By Arthur Swalley, CIMA® Partner
In April, we wrote about Short-Term Volatility vs. Long-Term Opportunity. Since that writing, we have certainly experienced the short-term volatility, with the S&P 500 index entering a bear market – down over -20% from its peak. What investors think of as safe havens were not, with the Barclay’s Aggregate Bond index down -13% so far in 2022. Cash holdings with almost no return are being eroded by an 8.6% inflation rate.
The Federal Reserve has embarked, finally and emphatically, on a campaign to bring the inflation rate under control. Short-term interest rates are being raised much more rapidly than previously signaled in quick response to the inflation data. With unemployment rates near historic lows, the Fed is now totally committed to taming inflation.
Whether these actions result in a recession remains to be seen, as the traditional economic signals for economic expansion and recession are mixed. The rapid speed of economic change, kicked off by the Covid-19 pandemic, has caused the traditional business cycle to speed up. Where we would have once expected a multi-year recovery leading to an extended period of inflation pressure, we are now seeing these cycles play out over a period of months. Thus, the volatility of markets, inflation, and interest rates, has sped up and resulted in wider, faster market swings.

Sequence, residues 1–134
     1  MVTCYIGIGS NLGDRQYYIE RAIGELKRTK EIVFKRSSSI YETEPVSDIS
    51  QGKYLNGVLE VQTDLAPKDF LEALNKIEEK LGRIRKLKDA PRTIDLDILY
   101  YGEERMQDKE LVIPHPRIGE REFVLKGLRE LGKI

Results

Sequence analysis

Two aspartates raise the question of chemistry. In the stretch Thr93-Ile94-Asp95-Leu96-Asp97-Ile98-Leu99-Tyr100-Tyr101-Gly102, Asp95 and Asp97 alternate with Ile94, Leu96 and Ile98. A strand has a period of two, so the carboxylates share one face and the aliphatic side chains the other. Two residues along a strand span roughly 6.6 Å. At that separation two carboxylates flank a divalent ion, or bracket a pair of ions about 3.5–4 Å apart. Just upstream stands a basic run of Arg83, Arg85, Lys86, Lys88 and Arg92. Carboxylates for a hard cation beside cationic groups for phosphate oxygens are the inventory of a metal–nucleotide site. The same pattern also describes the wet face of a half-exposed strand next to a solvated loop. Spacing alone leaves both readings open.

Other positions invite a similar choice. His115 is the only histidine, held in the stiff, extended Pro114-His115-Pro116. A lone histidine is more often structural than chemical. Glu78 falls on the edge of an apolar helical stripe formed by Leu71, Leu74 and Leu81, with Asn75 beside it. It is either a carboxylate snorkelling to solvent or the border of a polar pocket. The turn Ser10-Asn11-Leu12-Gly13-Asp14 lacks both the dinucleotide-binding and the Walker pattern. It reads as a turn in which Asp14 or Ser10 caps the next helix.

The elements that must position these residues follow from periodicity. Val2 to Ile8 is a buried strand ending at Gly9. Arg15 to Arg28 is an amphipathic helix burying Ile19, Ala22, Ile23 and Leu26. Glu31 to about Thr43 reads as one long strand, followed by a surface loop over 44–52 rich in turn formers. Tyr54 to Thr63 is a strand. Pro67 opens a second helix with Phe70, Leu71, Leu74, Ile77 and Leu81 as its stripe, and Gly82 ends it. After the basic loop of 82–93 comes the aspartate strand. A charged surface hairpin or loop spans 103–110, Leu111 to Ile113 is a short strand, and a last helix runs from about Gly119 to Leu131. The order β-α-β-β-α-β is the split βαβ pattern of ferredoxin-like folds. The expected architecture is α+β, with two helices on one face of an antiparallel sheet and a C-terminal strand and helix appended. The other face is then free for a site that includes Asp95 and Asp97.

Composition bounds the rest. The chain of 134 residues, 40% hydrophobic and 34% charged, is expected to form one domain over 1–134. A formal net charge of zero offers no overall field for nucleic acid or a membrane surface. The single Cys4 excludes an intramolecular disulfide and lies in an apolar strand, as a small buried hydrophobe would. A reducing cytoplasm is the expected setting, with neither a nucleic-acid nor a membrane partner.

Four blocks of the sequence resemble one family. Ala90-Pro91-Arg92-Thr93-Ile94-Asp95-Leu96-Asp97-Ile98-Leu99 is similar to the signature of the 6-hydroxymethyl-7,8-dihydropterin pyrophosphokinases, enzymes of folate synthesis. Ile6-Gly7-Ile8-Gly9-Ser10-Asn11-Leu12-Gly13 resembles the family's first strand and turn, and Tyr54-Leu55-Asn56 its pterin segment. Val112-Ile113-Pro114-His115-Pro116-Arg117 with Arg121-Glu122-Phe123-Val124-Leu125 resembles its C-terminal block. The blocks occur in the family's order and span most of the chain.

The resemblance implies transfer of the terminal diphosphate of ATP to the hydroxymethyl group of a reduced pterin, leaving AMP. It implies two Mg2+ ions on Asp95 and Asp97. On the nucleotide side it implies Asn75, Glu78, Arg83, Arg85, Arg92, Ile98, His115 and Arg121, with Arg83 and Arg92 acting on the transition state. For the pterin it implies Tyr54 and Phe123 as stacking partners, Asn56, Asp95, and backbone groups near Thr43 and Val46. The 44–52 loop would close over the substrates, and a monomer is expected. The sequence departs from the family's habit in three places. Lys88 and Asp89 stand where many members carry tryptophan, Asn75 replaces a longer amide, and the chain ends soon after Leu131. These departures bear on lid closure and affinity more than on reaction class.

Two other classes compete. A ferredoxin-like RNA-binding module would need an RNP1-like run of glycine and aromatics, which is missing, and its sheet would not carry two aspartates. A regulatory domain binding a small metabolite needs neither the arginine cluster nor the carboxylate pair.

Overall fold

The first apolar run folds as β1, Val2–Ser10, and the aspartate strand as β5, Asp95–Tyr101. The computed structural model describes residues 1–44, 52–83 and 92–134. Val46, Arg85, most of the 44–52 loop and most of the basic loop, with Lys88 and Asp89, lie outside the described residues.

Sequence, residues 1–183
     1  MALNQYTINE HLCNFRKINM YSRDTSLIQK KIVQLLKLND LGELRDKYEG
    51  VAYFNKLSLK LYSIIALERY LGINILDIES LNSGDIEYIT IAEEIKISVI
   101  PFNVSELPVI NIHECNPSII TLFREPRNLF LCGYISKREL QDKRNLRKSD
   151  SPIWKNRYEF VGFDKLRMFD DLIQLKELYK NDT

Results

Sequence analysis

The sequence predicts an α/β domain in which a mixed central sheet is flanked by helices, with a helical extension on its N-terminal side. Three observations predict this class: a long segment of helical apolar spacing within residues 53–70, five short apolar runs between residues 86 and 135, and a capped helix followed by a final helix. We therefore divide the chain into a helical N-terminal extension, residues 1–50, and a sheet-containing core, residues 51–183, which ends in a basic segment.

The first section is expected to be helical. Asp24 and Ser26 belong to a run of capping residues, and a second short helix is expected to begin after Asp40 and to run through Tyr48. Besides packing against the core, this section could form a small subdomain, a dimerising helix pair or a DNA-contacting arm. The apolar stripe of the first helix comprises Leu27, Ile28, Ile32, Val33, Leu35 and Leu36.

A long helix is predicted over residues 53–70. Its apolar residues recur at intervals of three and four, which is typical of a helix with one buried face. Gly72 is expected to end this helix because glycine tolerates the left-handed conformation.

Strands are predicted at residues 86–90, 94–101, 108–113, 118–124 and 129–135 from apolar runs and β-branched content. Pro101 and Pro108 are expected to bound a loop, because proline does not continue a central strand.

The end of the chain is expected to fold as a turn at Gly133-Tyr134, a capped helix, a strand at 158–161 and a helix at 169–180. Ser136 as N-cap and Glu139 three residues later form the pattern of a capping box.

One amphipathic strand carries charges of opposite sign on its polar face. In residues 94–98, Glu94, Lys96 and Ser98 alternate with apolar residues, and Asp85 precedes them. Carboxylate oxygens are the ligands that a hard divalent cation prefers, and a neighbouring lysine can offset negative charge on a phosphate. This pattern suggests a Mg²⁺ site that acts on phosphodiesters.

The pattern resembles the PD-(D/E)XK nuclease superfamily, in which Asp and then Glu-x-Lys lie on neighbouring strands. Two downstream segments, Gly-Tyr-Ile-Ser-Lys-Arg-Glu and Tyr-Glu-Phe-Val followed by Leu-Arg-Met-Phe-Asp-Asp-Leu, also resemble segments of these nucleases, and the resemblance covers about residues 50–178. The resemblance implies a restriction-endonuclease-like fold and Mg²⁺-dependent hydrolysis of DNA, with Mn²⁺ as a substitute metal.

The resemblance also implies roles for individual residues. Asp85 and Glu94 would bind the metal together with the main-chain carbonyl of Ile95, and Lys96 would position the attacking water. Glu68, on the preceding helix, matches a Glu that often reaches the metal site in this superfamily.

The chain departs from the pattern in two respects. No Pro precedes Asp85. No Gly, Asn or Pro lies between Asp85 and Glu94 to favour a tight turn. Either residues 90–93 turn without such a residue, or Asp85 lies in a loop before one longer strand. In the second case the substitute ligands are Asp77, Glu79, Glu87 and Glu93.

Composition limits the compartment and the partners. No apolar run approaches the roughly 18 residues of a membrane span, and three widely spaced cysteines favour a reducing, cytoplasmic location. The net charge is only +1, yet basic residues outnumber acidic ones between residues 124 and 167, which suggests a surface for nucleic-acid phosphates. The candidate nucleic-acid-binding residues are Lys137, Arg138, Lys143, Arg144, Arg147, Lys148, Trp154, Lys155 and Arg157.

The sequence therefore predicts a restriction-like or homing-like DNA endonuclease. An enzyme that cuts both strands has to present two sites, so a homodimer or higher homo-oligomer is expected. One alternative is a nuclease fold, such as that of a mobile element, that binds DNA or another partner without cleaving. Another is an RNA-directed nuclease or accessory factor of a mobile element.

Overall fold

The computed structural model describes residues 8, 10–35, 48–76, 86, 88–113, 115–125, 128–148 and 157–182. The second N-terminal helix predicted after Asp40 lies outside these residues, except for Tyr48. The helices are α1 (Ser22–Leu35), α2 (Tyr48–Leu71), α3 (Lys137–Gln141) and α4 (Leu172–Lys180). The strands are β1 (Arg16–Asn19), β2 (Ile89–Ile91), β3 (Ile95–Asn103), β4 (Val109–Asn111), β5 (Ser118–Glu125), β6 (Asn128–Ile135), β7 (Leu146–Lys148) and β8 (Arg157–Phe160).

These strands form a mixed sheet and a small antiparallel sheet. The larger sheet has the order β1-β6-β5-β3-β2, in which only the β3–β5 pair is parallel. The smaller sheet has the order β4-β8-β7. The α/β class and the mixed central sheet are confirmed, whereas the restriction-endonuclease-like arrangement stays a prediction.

The stock market is certainly forecasting a slowdown in earnings growth, along with a reduction in valuations due to higher interest rates, causing higher corporate borrowing costs. The rapid reset of stock valuations provides opportunities for patient investors to assess new economic paradigms caused by this rapid change. The short-term volatile landscape is filled with uncertainty and doubt. What we don’t doubt is the vitality of the American economy and its ability to adjust and prosper over a long- term time horizon. As we have experienced several times over the past three decades, during various business cycles, we are excited to search for opportunities when prices for dynamic businesses are low.